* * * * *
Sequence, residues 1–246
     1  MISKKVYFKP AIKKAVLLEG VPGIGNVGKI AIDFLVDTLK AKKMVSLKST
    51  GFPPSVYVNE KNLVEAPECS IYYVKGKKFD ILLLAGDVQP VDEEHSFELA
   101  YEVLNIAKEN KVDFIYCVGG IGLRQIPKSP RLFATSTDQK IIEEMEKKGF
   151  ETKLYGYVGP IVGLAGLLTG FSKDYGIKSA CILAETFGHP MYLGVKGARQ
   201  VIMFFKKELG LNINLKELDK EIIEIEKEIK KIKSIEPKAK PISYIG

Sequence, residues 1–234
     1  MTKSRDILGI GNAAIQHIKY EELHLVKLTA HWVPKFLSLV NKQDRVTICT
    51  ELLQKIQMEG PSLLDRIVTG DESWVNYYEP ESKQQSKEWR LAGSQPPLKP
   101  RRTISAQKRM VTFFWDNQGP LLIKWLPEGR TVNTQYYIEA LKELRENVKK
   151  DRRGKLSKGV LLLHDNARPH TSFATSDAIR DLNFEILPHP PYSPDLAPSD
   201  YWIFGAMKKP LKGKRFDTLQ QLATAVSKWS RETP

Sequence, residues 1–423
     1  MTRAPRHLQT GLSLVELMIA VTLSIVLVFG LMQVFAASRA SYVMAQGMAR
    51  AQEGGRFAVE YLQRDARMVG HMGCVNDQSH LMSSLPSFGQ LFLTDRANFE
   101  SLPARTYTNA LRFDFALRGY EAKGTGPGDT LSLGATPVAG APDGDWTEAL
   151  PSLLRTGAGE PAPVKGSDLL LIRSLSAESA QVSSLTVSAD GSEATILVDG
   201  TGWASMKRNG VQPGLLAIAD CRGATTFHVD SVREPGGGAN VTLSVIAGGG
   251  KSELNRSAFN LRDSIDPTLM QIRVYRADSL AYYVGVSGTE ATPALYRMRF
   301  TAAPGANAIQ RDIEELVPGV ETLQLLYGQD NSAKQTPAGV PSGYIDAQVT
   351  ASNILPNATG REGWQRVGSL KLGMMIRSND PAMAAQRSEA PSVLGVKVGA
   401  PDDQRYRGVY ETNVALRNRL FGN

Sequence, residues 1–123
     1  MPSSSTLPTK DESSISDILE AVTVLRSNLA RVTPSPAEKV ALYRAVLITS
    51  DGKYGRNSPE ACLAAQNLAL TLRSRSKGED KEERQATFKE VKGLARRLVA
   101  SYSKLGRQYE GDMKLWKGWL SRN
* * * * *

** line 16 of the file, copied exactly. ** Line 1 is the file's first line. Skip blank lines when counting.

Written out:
   101  SLPARTYTNA LRFDFALRGY EAKGTGPGDT LSLGATPVAG APDGDWTEAL